The coquis stopped chirping when Hurricane Maria hit. On a typical night, the nickel-sized frogs dominate the island air with their high-pitched call, reminiscent of cicadas in the Mississippi summer. For the past month, nothing has been typical in Puerto Rico, and the coquis have been quiet.
“There’s something missing,” Gaby Altieri said. “I know that was kind of a punch in the heart right there.”
Hurricane Maria made landfall in Puerto Rico on Sept. 20 as a Category 4 storm with 155 mph winds. President Donald Trump called the storm a “monster
” and the National Weather Service Miami warned that areas could be “uninhabitable
” for months. Now, weeks after the storm hit, more than a third of the island still lacks drinking water, and 3 million American citizens’ power remains off.
Altieri said her family’s house where her mom and aunt were staying still does not have lights or running water. Banks, gas stations and grocery stores are still experiencing hourslong lines, and many roads are still closed.
“I cried the other day pumping gas, because my aunt had to make an eight-hour line to get gas to make it to the airport,” Altieri said.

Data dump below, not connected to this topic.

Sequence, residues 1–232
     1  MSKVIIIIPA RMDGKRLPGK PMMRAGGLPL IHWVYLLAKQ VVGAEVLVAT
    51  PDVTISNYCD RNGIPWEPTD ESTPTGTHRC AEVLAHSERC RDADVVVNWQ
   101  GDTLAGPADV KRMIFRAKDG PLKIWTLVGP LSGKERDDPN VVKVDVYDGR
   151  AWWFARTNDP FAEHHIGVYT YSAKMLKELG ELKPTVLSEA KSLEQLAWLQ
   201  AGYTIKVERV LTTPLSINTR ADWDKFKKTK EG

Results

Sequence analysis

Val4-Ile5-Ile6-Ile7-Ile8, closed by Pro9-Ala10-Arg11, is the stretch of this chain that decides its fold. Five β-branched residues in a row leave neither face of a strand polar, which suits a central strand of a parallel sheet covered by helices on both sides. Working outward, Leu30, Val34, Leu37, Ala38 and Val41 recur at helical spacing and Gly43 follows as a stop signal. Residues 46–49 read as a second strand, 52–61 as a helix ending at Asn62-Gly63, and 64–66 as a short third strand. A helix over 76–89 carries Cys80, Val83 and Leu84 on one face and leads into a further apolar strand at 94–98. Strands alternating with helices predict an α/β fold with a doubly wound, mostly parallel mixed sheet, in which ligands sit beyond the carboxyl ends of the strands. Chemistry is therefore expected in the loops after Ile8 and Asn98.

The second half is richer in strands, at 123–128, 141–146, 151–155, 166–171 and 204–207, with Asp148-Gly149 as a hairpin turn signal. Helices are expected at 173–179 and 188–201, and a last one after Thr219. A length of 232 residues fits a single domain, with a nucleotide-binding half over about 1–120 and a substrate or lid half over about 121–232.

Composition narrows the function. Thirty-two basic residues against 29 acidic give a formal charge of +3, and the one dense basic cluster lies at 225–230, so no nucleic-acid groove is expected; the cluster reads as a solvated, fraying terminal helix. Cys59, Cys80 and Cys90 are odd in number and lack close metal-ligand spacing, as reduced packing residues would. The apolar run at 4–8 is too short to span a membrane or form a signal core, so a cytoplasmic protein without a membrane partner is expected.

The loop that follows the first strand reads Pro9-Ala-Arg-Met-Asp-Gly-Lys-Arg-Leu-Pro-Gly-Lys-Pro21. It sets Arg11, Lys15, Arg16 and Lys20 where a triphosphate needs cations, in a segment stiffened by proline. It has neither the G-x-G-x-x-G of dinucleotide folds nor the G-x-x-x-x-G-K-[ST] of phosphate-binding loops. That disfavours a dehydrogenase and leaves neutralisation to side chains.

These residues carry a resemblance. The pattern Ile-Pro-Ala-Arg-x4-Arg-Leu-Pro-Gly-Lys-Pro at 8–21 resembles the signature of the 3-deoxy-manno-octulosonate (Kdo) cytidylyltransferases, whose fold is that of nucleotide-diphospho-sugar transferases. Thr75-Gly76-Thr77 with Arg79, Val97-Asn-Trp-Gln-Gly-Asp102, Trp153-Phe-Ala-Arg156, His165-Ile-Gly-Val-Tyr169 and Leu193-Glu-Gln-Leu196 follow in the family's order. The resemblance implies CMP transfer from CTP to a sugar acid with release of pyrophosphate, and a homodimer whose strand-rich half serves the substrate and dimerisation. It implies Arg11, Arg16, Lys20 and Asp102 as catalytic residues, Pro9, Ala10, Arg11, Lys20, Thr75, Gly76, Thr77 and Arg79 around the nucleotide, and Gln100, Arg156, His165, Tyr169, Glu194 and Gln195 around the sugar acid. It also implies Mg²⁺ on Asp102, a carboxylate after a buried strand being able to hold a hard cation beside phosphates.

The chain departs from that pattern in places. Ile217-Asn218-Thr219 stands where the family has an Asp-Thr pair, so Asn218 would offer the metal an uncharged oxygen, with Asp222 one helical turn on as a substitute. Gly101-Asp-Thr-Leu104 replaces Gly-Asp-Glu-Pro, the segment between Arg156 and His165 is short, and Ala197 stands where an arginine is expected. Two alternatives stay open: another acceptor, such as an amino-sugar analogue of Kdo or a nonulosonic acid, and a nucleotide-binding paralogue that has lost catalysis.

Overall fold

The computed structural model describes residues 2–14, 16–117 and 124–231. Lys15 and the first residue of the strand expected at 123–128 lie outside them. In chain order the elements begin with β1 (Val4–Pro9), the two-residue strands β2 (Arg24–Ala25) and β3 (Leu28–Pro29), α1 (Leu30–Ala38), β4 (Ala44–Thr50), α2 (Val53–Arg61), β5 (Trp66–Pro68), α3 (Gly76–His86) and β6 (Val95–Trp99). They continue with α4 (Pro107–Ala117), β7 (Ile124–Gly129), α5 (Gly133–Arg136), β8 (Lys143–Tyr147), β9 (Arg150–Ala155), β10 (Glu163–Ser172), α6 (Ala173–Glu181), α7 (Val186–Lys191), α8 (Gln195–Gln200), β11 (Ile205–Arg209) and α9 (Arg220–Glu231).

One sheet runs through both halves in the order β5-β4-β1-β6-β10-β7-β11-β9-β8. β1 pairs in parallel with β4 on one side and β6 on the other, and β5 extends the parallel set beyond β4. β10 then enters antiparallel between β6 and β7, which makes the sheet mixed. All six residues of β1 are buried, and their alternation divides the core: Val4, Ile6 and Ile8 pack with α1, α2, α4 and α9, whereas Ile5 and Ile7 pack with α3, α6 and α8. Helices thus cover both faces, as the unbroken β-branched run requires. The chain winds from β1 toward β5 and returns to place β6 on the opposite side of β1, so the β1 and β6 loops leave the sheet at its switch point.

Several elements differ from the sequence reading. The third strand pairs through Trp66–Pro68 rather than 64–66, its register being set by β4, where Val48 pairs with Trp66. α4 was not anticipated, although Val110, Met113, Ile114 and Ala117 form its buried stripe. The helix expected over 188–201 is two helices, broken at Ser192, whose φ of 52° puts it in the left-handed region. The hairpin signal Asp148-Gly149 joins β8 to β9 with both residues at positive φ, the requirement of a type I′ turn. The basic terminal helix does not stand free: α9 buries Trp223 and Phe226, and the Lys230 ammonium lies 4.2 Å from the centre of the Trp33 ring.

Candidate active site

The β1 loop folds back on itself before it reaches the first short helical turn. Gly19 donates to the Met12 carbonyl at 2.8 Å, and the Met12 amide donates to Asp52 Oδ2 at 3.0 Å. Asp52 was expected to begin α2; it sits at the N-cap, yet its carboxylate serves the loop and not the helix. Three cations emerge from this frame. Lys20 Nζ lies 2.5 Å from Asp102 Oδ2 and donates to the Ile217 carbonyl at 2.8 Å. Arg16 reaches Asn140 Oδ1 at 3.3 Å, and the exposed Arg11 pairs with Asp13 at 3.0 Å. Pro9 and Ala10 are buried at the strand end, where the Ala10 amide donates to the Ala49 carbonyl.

Maria struck the coast the day before Altieri’s mom and aunt were scheduled to fly back to the states. Not only did the storm devastate their travel plans, but it also meant the sisters had no way of talking to their family overseas. It was a week before Altieri first heard her mother’s voice again.
“I said ‘Gaby, I’m calling you because I want you to hear my voice and know that I am OK,’” Rosas-Altieri said.
With no cell service or internet access, Rosas-Altieri relied on a stranger’s kindness to keep in touch with Gaby. She said a neighbor named Carlos Vasquez allowed her to use his satellite phone and refused to accept cash payment for the phone’s service charges.
“Without him, my husband would have not known that I was OK,” Rosas-Altieri said. “This man has helped so many people.”